[Numpy-discussion] Proposed record array behavior: the rest of the story

Perry Greenfield perry at stsci.edu
Tue Jul 20 09:05:02 CDT 2004


We now turn to the behavior of Records. We'll note that many of the current
proposals had been considered in the past but not implemented with more of a
'wait and see' attitude towards what was really necessary and a desire to
prevent too many ways of doing the same thing without seeing that there was
a real call for them.

This proposal deals with the behavior of record array 'items', i.e., what we
call Record objects now.

The primary issues that have been raised with regard to Record behavior are
summarized as follows:

1) Items should be tuples instead of Records
2) Items should be objects, but present tuple and/or dictionary consistent
behavior.
3) Field (or column) names should be accessible as Record (and record
array) attributes.

Issue 1: Should record array items be tuples instead of Records?

Francesc Alted made this suggestion recently. Essentially the argument is
that tuples are a natural way of representing records. Unfortunately, tuples
do not provide a means of accessing fields of a record by name, but only by
number. For this reason alone, tuples don't appear to be adequate. Francesc
proposed allowing dictionary-like indexing to record arrays to facilitate
the field access to tuple entries by name. However, it seems that if
rarr is a record array, that both rarr['column 1'][2] and rarr[2]['column
1'] should work, not just the former. So the short answer is "No".

It should be noted that using tuples will force another change in current
behavior. Note that the current Record objects are actually views into the
record array. Changing the value within a record object changes the record
array. Use of tuples won't allow that since tuples are not mutable. Whole
records must be changed in their entirety if single elements of record
arrays were set by and returned from tuples.

But his comments (and well as those of others) do point out a number of
problems with the current implementation that could be improved, and making
the Record object support tuple behaviors is quite reasonable. Hence:

Issue 2: Should record array items present tuple and/or dictionary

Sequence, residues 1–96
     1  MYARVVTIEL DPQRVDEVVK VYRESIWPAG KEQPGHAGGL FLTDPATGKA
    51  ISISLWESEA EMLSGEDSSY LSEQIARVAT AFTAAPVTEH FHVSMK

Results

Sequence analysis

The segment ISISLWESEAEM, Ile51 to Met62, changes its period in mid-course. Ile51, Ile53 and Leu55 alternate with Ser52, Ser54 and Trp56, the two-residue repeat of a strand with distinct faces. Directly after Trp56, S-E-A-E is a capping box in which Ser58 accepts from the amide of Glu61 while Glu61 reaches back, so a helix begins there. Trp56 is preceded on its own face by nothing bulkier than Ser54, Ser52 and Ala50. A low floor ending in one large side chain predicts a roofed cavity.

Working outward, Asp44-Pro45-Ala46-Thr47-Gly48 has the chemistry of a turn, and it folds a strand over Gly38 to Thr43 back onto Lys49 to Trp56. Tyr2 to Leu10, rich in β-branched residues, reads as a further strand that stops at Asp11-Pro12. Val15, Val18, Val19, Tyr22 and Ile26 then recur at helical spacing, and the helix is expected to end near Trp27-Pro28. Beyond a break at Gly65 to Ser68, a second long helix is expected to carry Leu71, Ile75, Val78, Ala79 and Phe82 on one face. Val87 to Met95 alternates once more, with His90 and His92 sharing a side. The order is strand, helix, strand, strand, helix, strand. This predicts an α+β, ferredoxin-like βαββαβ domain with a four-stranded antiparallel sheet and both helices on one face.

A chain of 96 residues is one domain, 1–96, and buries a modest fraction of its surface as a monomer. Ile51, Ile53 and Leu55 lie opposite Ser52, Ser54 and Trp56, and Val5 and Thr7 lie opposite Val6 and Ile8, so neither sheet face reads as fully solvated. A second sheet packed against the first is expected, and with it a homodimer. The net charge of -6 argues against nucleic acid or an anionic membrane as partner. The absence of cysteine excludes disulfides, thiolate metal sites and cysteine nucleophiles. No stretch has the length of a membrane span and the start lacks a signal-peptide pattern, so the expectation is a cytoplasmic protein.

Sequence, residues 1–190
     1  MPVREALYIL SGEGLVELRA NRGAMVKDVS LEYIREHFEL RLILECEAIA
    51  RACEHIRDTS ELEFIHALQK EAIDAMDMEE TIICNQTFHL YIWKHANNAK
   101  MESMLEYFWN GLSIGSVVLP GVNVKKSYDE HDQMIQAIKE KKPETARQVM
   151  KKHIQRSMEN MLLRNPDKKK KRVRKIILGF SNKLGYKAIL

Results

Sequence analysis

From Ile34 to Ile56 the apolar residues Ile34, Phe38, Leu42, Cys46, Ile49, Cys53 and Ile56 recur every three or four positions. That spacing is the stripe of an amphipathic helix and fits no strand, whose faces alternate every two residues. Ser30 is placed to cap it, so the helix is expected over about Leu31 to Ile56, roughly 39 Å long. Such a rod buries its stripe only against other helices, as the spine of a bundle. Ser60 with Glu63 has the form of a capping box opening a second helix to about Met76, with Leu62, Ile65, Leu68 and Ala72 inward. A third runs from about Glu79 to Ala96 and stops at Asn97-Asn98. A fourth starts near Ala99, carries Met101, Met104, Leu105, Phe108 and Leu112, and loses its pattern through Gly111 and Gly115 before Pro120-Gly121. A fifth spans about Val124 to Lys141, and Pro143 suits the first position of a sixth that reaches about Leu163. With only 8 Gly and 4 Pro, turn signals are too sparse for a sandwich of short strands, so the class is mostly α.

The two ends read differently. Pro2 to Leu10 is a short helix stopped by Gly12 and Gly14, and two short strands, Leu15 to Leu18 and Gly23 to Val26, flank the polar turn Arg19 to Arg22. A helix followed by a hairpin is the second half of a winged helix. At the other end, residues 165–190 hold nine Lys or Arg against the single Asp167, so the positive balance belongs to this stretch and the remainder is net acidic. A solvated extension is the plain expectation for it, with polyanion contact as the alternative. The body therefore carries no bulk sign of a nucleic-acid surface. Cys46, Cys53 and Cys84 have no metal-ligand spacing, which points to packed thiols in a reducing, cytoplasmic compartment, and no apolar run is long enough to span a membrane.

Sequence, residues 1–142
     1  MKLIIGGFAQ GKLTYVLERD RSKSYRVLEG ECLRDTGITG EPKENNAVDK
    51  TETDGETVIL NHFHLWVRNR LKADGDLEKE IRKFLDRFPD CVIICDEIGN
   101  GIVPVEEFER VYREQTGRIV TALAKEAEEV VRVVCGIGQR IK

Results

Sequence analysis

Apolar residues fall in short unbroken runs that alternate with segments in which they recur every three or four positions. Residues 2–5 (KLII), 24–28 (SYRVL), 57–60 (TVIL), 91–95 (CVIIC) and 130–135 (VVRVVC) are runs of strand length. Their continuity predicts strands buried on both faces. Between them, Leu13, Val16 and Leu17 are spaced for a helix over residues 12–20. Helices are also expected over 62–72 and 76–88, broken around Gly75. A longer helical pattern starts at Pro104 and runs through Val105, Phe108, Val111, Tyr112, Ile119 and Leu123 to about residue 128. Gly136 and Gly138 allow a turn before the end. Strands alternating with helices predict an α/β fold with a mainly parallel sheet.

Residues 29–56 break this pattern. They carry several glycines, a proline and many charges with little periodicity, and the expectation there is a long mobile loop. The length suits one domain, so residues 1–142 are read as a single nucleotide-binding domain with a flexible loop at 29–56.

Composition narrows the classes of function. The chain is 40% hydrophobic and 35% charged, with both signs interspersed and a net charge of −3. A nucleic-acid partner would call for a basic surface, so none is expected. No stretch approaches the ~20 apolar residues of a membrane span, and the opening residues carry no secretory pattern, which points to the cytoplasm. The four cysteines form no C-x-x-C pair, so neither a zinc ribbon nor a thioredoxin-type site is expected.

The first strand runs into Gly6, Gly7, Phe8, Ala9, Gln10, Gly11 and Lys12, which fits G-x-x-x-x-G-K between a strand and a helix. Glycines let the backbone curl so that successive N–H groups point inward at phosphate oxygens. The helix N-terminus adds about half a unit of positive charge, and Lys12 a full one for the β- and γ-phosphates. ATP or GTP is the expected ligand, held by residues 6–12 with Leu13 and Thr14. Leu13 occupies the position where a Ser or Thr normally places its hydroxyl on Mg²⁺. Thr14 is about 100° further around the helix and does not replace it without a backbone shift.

compatible behaviors?

The short answer is, yes, we do agree that they should. This includes many
of the proposals made including:

1) supporting all Tuple capabilities with the following differences:
    a) fields are mutable (unlike tuple items) so long as the assigned value
is coerceable to the expected type. For example the current methods of doing
so are:

>>> cell = oneRec.field(1)
>>> oneRec.setfield(1, newValue)

This proposal would allow:

>>> cell = oneRec[1]
>>> oneRec[1] = newValue

    b) slice assignments are permitted so long as it doesn't change the size
of the record (i.e., no insertion of extra items) and the items can be
assigned as permitted for a. E.g.,

OneCell[2:4] = (3, 'abc')

    c) __str__ will result in a display looking like that for tuples,
__repr__ will show a Record constructor

>>> print oneRec # as is currently implemented
(1.1, 2, 'abc', 3)
>>> oneRec
Record((1.1, 2, 'abc', 3), formats=['1Float32', '1Int16', '1a3', '1Int32'])
    names=['abc', 'c2', 'xyz', 'c4'])

(note that how best to handle formats is still being thought about)

2) supporting all Dictionary capabilities with the following differences:
    a) keys and items are ordered.
    b) keys are restricted to being integers or strings only
    c) new keys cannot be dynamically added or deleted as for dictionaries
    d) no support for any other dictionary capabilities that can change the
number or names of items
    e) __str__ will not show a result looking like a dictionary (see 1c)